Tuesday, Oct 04th

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California and Montana wildfires explode in size, forcing evacuation orders

California and Montana wildfires explode

Wildfires in California and Montana exploded in size amid windy, hot conditions, forcing evacuation orders as they quickly encroached on neighborhoods.

In California’s Klamath national forest, the fast-moving McKinney fire, which started Friday, went from charring just over 1 sq mile (1 sq km) to scorching as much as 62 sq miles (160 sqkm) by Saturday in a largely rural area near the Oregon state line, according to fire officials.

The fire burned down at least a dozen residences and wildlife was seen fleeing the area to avoid the flames. At least 2,000 people were told to evacuate.


1 dead after 'historic' rainfall causes flash flooding in St. Louis area

St. Louis floodsRecord rainfall triggered flash floods in St. Louis and other parts of Missouri on Tuesday, leaving one person dead and trapping several others in their cars and homes.

Thunderstorms drenched the St. Louis metro area in a "historic rainfall" of up to 10 inches, causing widespread flash flooding and forcing roads to close, the National Weather Service said. The previous daily record of 6.85 inches was set in 1915, when remnants of a hurricane moved north. By Tuesday morning, 8.3 inches of rain had fallen at Lambert Airport.


Nasa images show extreme withering of Lake Mead over 22 years

Nasa imagees of Lake MeadStark images of the “bathtub ring” around Lake Mead have come to symbolize the devastating effects of drought at America’s largest reservoir. Now, newly released satellite pictures from Nasa offer a new view of how dramatically water levels have declined over the past 22 years.

The images, which cover the years 2000, 2021 and 2022, show once-full tributaries transformed into dry crevasses. The lake, which supplies water to roughly 25 million people across the American west, is currently at its lowest levels since it was filled in 1937. As of 18 July, it stands at just 27% of its capacity.

Michael Carlowicz, managing editor of the Nasa Earth Observatory, described it as “a stark illustration of climate change and a long-term drought that may be the worst in the US west in 12 centuries” in a post on the agency’s site.


100 million Americans are enduring searing temperatures as Biden declines to announce a climate emergency

Extreme heat warnings in US

The National Weather Service has warned that extreme heat will affect more than 100 million people in the US this week, with triple-digit temperatures in some states and broken temperature records in many areas across the country.

“Above-normal temperatures will continue to prevail across much of the US through the end of the week, with a significant portion of the population remaining under heat-related advisories and warnings,” the agency said.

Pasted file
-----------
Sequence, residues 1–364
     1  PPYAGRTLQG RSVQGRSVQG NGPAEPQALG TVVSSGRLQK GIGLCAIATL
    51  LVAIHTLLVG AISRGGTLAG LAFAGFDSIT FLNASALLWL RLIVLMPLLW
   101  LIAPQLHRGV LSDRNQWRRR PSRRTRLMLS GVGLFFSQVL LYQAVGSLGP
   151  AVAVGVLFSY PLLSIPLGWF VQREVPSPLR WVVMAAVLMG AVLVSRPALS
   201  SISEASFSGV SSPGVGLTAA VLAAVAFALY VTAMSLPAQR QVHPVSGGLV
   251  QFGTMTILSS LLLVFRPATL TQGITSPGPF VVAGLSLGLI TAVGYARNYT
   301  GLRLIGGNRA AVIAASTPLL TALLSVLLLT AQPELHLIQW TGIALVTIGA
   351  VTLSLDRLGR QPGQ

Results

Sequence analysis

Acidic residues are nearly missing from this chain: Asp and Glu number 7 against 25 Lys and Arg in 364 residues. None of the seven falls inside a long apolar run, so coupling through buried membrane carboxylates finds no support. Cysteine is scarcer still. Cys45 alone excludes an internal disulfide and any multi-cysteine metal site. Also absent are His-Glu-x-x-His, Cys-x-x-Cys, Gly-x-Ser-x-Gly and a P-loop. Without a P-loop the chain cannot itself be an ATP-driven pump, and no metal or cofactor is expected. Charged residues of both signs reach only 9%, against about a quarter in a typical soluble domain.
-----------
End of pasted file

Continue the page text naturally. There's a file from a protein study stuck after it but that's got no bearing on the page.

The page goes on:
Heat warnings and advisories have been put in place for 28 states, with central and southern states facing the brunt of the scorching heat.

Some parts of Oklahoma reached 115F (46C) this week, while the Dallas area hit 109F (42C).


Alarm as fastest growing US cities risk becoming unlivable from climate crisis

US Cities becoming unliveable

The ferocious heatwave that is gripping much of the US south and west has highlighted an uncomfortable, ominous trend – people are continuing to flock to the cities that risk becoming unlivable due to the climate crisis.

Some of the fastest-growing cities in the US are among those being roasted by record temperatures that are baking more than 100 million Americans under some sort of extreme heat warning. More than a dozen wildfires are engulfing areas from Texas to California and Alaska, with electricity blackouts feared for places where the grid is coming under severe strain.

San Antonio, Texas, which added more to its population than any other US city in the year to July 2021, has already had more than a dozen days over 100F this summer and hit 104F on Tuesday.



Fire engulfs homes near London as temperatures hit record 40C

Fire engulfs homes near LondonBritain recorded its highest ever temperature of 40C (104F) on Tuesday as a heatwave gripping Europe intensified, forcing train tracks to buckle and fuelling a spate of fires across London.

The Met Office said the provisional record, which still needs to be confirmed, was recorded at 12.50 pm (1150 GMT) at London's Heathrow Airport, surpassing the previous high of 38.7C recorded in 2019.

Stephen Belcher at the Met Office said he had not expected to see such temperatures in Britain in his career.

"Research conducted here at the Met Office has demonstrated that it's virtually impossible for the UK to experience 40C in an undisrupted climate but climate change driven by greenhouse gases has made these extreme temperatures possible," he said.


Britain braces for record temperatures as Europe's wildfires rage

 Record breaking heat in BritainBritain was heading for its highest temperatures on record and firefighters battled blazes across southern Europe as a heatwave sent people hunting for shade and compounded fears about climate change.

In Spain, a wildfire raced across a field and engulfed a digger near the northern town of Tabara, forcing the driver to run for his life as flames burned the clothes off his back. read more

Across that country and some other parts of southern Europe there were some signs conditions were starting to ease after days of blistering highs that have caused hundreds of deaths and left couryside dangerously dry, authorities said.


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